For some, snacking is a way of sailing through the day without getting overly hungry in between meals. It’s not something that requires much thought and can be as simple as recognising feelings of hunger and choosing to satisfy them. However for others its not always that straightforward.
Grazing regularly throughout the day by having snacks here and there might be more suited to some people because it fits in better with their lifestyle. Having a busy job or taking care of children doesn’t always leave enough time to sit down and have a substantial meal, so grabbing food little and often can be much easier and more manageable.
Equally, having 3 square meals a day may suit those who need to prepare their food in advance, who don’t particularly get hungry in between meals or for people working shifts and have set breaks.
However the reality is that some people really struggle with knowing what to snack on if they haven’t prepared something in advance, especially if there are limited “healthy” foods or many options for under 100 calories – which seems to be the golden rule for snacking. So avoiding food between meals may seem like the best thing to do in order to prevent those feelings of guilt for eating something simply because you couldn’t wait until your next meal.
I’m telling you this is not something you should ever feel guilty about and its why “honoring your hunger” is one of the key principles of intuitive eating.
Since starting the IE process, I realised that for a long time I avoided snacking for the purpose of being “good“. I would put off eating my lunch for as long as possible until I was absolutely starving in a bid to stop me from being hungry in the afternoon and looking for “unhealthy” snacks… but the only “unhealthy” thing about that scenario is the repetitive behaviour of ignoring my hunger.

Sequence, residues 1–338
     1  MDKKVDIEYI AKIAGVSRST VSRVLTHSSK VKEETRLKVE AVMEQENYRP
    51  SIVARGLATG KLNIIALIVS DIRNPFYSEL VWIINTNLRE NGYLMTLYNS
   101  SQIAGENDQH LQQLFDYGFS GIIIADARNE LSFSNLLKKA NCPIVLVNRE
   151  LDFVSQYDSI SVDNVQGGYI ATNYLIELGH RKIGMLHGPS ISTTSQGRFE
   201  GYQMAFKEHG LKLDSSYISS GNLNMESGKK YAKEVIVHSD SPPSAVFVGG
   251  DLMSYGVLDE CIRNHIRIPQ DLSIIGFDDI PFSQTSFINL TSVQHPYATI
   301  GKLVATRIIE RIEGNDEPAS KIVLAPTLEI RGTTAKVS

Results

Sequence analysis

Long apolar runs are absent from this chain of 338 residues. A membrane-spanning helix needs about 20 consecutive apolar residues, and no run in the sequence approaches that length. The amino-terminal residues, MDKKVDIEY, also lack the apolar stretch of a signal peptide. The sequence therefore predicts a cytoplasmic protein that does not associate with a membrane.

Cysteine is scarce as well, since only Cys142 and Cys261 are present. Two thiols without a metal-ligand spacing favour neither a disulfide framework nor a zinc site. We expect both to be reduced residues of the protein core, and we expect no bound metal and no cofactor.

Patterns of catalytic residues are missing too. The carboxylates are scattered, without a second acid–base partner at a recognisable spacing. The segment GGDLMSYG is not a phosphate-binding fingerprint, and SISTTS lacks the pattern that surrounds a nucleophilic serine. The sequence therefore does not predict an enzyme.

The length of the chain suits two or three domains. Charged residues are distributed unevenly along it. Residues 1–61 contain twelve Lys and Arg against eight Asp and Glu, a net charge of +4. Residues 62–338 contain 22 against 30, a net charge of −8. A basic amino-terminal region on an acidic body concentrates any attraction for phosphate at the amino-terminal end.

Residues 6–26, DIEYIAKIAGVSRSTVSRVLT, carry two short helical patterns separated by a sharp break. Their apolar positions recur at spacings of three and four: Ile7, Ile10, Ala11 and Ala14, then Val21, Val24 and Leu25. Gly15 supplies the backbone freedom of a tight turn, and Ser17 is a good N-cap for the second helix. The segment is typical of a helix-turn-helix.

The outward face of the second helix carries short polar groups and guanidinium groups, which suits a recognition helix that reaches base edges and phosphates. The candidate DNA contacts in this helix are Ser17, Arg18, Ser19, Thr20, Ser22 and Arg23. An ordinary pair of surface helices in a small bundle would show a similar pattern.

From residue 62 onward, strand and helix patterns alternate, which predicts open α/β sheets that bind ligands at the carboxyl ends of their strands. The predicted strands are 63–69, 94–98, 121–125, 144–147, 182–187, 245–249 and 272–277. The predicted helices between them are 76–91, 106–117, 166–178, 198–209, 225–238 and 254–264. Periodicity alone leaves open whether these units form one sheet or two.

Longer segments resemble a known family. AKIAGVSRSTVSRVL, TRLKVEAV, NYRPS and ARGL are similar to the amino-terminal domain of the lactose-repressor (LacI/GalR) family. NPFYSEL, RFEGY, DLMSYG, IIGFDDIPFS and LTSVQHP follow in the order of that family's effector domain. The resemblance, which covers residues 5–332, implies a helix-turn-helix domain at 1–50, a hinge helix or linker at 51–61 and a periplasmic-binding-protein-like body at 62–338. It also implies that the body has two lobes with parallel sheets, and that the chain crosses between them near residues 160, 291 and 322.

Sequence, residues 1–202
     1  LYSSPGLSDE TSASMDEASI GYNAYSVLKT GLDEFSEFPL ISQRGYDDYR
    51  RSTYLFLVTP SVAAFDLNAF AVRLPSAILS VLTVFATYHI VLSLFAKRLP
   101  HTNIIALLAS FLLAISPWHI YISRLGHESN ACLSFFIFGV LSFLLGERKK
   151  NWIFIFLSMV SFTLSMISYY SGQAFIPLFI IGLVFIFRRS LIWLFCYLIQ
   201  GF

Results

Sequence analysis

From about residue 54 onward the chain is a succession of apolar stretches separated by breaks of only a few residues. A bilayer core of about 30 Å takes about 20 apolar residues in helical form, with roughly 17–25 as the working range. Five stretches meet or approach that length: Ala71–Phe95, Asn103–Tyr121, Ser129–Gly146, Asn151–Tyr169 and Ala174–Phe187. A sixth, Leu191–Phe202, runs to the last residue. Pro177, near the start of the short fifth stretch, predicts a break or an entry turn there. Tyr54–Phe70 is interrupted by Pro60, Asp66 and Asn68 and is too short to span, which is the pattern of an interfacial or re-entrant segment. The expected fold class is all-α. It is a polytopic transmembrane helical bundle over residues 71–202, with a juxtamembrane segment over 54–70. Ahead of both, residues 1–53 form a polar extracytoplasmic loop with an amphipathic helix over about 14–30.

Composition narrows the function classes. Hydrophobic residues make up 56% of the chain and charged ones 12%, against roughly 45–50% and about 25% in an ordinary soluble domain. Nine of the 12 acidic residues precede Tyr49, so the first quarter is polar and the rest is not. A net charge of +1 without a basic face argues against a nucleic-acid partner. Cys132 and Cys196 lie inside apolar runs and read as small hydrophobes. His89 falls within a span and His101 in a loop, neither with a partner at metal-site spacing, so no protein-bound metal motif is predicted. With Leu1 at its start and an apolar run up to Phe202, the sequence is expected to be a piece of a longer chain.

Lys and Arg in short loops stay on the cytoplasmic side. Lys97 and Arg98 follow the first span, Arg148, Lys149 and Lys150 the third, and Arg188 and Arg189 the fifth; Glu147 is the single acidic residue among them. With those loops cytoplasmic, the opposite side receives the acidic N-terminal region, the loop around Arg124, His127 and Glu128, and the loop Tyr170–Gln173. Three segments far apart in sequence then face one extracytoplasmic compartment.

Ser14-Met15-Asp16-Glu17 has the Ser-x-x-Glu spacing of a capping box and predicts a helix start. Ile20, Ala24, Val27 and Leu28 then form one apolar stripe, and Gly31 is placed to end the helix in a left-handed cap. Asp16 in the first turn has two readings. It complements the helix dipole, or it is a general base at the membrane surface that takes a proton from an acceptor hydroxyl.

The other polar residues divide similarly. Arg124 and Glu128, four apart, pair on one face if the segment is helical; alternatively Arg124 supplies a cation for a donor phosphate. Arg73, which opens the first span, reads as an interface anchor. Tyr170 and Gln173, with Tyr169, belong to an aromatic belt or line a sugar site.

There is no right and wrong when it comes to eating as you know your body better than anyone. Only you know what satisfies you, keeps you going and what works best for you as an individual.
As we all know, life changes constantly and even the most organised people have days where everything goes wrong, you leave your lunch at home or meetings run over so you don’t get to eat what you want, when you wanted. So having a couple of biscuits mid afternoon might be the difference between becoming so ravenous that you feel hangry and consequently over eat when you get the opportunity or feeling satisfied enough until your next meal so that you can get on with more important things in the day than worrying about food.
Ignoring or wanting to suppress hunger will often lead to overeating and this may by why snacking gets a bad rep. Overeating is a completely normal thing to do if you are starving! So to avoid this, try and really listen to your body. When you start to feel a little hungry and you feel like a snack would help relieve this, then allow yourself to have one!
Diet culture and the media are to blame for why we feel so crazy about food and with appetite suppressants being promoted on the daily its no wonder why we want to avoid snacking – particularly when all the snacks targeted at women are low calorie, low fat, low sugar and taste like air.
I think when it comes to eating there is a lot more to the behaviour than the food itself, therefore the the way you eat snacks is just as important. So eating more mindfully, slowly and without distraction where possible will help you to register your fullness cues so that you are comfortably full, rather than stuffed. However if this isn’t realistic for you, just stopping midway through whatever you are eating for a few minutes can help you to tune in with how you are feeling.
If you are after a little inspiration for snack ideas, check out some of my recipes…
- Crispy Cajun Chickpeas
- Hazelnut Truffles
- Smokey Hummus
- Healthy Beetroot dip – two ways!
- Cookie Dough Energy Bites